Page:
Research Areas: Political Theology; Black Studies and Black Feminist Critique; Race, Enslavement, and Colonization in Natural Law and Natural Rights Discourse; Early Modern Race and Religion; Decolonial Theory
Danube's dissertation project critically examines epistemologies of race, racialization, and religion in 17th century natural rights discourse, elaborating on its entanglements with English colonization and chattel enslavement in the Americas. Through the lenses of Black studies, Black theology, and decolonial theory, Danube tracks the ways that early modern English naturalists shift away from positive theological formulas for sovereignty and civil government like divine right, and toward naturalistic notions of liberty, consent, and equality. She argues that this shift came at the cost of seeking certainty and security not in God’s providence embodied in sovereign authority, but through racial superiority, colonial conquest, and imperial wealth. A major aim of this project is rethinking the category of "political theology" as a site for Black critique and ethical formation that mobilizes against the legacies of colonialism and chattel slavery.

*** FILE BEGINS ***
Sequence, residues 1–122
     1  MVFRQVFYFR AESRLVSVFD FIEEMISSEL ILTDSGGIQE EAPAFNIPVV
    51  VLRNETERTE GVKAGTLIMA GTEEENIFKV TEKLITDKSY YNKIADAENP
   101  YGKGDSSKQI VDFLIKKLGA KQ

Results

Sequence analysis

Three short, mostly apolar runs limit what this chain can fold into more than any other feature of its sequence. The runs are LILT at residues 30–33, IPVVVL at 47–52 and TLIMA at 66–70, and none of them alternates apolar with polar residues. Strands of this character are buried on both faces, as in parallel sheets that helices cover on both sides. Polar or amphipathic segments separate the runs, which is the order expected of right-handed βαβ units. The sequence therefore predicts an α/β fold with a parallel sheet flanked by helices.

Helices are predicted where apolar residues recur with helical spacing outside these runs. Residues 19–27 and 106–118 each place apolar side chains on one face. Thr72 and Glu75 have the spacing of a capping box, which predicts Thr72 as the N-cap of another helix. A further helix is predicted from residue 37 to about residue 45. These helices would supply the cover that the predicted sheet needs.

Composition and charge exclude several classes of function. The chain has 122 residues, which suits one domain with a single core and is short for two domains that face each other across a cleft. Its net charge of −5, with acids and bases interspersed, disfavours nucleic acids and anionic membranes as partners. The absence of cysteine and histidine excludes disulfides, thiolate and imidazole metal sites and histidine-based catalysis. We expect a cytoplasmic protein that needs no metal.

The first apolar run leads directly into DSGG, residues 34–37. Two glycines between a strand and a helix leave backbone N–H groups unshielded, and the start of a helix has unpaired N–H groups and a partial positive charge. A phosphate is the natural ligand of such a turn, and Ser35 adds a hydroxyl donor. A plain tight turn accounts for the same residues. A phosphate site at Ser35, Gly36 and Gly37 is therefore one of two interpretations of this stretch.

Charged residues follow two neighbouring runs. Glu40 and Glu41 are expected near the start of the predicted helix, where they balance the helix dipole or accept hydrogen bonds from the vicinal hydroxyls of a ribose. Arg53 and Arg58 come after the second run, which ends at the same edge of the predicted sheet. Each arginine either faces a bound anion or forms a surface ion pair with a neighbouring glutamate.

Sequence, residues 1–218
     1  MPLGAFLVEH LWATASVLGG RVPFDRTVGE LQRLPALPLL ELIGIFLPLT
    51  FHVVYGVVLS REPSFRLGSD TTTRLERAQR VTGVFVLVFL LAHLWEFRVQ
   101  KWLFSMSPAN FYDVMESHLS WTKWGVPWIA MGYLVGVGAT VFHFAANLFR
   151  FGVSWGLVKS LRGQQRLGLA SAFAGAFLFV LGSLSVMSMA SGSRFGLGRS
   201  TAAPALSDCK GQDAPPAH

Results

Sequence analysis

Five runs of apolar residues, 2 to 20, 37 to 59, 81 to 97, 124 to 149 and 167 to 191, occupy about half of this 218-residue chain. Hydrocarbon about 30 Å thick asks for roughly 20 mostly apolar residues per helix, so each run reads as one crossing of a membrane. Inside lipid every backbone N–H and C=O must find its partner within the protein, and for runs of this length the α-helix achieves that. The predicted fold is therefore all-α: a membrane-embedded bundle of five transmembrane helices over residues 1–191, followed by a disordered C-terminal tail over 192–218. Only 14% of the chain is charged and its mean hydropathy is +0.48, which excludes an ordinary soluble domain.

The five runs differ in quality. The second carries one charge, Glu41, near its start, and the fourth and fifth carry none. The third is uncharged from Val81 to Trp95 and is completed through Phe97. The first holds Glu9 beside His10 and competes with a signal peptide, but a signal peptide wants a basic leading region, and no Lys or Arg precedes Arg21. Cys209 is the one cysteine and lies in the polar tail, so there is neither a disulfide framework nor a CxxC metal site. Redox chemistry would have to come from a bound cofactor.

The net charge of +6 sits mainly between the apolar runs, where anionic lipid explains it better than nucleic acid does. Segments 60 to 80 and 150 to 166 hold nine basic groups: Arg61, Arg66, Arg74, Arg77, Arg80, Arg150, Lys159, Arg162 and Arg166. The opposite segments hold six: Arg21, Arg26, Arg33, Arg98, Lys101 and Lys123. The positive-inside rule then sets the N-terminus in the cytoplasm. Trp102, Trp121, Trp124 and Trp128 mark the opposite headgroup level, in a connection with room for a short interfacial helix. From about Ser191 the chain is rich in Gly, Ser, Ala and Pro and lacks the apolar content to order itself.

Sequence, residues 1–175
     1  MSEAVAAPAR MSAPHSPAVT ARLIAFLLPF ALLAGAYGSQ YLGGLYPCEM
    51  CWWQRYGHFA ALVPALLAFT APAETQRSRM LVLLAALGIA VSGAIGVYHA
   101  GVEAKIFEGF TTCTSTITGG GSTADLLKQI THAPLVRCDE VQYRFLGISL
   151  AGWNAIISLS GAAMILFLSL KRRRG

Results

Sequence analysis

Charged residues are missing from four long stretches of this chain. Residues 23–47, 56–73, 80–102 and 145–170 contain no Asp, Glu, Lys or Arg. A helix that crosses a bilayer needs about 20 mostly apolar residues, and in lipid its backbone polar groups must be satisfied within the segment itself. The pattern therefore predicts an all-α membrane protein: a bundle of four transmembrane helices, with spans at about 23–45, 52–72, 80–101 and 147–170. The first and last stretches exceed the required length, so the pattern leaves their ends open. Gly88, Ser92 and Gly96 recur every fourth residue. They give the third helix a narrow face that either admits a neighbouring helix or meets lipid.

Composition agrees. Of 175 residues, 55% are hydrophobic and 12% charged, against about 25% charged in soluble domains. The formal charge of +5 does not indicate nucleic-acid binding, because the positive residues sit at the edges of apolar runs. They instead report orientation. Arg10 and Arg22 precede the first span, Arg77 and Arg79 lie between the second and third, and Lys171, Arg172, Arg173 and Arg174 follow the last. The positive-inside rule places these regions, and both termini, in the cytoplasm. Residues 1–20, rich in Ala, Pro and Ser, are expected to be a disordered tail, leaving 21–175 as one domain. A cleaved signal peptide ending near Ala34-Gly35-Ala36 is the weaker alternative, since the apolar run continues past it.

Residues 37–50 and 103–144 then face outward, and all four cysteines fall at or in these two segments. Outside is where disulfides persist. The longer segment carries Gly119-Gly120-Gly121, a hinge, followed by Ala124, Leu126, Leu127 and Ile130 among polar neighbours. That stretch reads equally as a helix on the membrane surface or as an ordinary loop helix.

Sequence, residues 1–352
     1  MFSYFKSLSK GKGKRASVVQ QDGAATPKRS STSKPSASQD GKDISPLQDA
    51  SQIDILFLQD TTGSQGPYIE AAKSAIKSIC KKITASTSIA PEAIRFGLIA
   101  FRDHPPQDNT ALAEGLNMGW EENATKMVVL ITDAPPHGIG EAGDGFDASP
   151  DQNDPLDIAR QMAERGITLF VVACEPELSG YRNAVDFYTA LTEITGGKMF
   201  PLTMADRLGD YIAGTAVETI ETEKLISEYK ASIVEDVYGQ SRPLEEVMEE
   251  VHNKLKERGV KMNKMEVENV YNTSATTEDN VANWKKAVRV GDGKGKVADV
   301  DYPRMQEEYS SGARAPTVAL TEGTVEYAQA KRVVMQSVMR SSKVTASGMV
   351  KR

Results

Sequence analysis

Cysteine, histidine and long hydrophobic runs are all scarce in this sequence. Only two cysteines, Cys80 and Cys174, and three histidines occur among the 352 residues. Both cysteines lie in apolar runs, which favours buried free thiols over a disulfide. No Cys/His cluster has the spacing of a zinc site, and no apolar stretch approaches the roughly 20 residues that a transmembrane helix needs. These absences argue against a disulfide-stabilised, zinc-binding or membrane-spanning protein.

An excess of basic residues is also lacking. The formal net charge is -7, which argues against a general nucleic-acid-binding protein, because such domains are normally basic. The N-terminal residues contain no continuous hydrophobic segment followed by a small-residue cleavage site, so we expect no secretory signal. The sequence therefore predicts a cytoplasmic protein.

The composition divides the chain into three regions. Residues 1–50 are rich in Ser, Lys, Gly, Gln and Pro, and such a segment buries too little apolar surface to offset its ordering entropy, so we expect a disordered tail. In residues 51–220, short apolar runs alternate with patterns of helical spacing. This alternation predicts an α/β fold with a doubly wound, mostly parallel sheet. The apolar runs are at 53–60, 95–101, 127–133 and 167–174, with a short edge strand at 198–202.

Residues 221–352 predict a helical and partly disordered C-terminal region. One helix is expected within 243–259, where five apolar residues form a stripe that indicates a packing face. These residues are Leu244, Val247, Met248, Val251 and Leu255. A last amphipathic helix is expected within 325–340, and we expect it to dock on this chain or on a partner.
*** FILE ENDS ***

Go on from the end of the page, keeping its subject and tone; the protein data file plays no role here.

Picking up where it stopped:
Danube is also working toward a second project on the elements of religious experience in Frantz Fanon's recently published dramas, The Drowning Eye and Parallel Hands. There she will consider recent work in Black psychoanalysis and Protestant theology, with particular attention to evocations of Shakespeare's The Tragedy of Hamlet. At stake here is the question of how dramatizations of Black sovereignty and subjectivity complicate categories of gender and sexuality.
Danube's research will be published in a forthcoming special issue of Religious Studies Review in 2022. She is also co-editor of a double-issue in Political Theology on "Political Theology and Black Thought," featuring responses from Denise Ferreira Da Silva and Frank Wilderson.